Knight International Journalism Fellowships

Mozambique: Bring Rural Health Issues to National Attention

Savana reporter Salane Muchanga (left), a trainee of Knight Fellow Sayagues, interviews a Maputo resident on health concerns.

From her base at the weekly newspaper Savana in Maputo, Mozambique, Knight Health Journalism Fellow Mercedes Sayagues produced health coverage that transformed reporting at news organizations across the country.

She coached Savana journalists in the production of more than 200 stories, and the newspaper consistently produced high-quality coverage of issues ranging from alcohol abuse to malnutrition to reproductive health. The coverage increased the amount of attention other media outlets—such as the government-owned daily Noticias—now give to health issues.

Sayagues trained dozens of print and radio journalists—from the capital city Maputo to the most remote rural district, Mueda. The resulting stories brought to light the country’s harsh conditions and painfully poor health facilities. She also produced training resources such as a video on covering obstetric fistula, a disease resulting from poor reproductive health care that affects thousands of women across Africa.

Our Stories


  • Jan 192011

    Maputo's New Unhealthy Fad

    They look lovely, the heaps of sand in ochre, sienna, orange and yellow hues, glistening under the sun or the dappled shade in the markets and street corners of Maputo. Five meticais (US$0,10) will buy you a funil, a cone made of newsprint filled with silky sand, the colour – and taste - of your choice.

    Yes, taste. For this sand is sold to be eaten. Eating soil or sand (geofagia) was a traditional practice among many groups, from Native Americans to Amazonian tribes.

  • Dec 312010

    Breast cancer is a neglected disease in Mozambique

    Editors Note: Mercedes Sayagues discussing breast cancer and hospital/patient awareness.

    For a change, I am happy to be queuing at the photocopying shop.

    I could queue the whole day, for the shop is air-conditioned on this Hot-Sticky-Maputo-Summer Day with 36 degrees Celsius and 200% humidity.

    I read a magazine, my pile of clippings on the counter. On top, last week’s story about breast cancer.

    People here know little about breast cancer. HIV/AIDS, TB, malaria and cholera get the lion’ s share of attention, information and money.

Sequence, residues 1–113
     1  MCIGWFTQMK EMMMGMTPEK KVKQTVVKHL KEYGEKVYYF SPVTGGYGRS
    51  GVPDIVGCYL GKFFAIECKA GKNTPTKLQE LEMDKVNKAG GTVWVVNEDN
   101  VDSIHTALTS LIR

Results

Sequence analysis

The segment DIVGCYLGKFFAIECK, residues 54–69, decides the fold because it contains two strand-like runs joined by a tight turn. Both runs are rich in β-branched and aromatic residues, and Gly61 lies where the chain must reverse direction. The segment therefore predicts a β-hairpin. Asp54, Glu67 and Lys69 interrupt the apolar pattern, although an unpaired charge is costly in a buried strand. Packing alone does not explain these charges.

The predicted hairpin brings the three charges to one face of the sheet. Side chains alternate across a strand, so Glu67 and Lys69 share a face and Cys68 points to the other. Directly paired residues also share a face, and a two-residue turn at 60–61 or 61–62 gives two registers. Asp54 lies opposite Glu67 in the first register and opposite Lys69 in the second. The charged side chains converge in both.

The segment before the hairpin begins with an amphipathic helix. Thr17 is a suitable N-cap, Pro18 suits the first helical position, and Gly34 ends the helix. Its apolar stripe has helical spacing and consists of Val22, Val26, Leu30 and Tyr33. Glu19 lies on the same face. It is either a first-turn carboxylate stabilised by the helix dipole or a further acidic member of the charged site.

• Dec 112010

    Journalists in Mozambique Tread a Careful Line Between Medical Fact and Local Lore

    On the first day, only the girls in the afternoon shift at one classroom fainted. First one, then four, 20 by the end of the week. In the second week, the fainting spells spread to all the classes of the Quisse Mavota High School in the periphery of Maputo. Among its 4,475 pupils, only the older girls fainted. By the end of the second week, 120 girls were having fainting spells and these were spreading into the satellite school. Panic followed: parents, teachers and students alike were scared.

    The girls explained that the ancestor spirits were upset.

  • Nov 122010

    A toxic debate around a smelter

    Until June this year, the only bypass I knew had to do with heart surgery. But I discovered another kind of bypass when the Mozambican government authorized the Mozal smelter to emit its fumes and dust directly into the air (bypassing filters) during four months.

  • Sep 252010


    How do you put out a paper when riots have paralyzed the city?

    By building calf muscles as strong as Diego Forlan’s!

    We walked. And walked. On day 2 of the riots, Fernando Mbanze, the editor of Savana sister’s publication, Media Fax started walking at 6:30 am and reached the newsroom 22 kms later, at 10:30. Several times the Savana car tried to reach him but either protesters or police, barricades of burning tyres or random shooting, prevented the car from going through. So Mbanze walked on.

    Fearing their cars might be stoned, damaged or burnt, car owners did not venture out.

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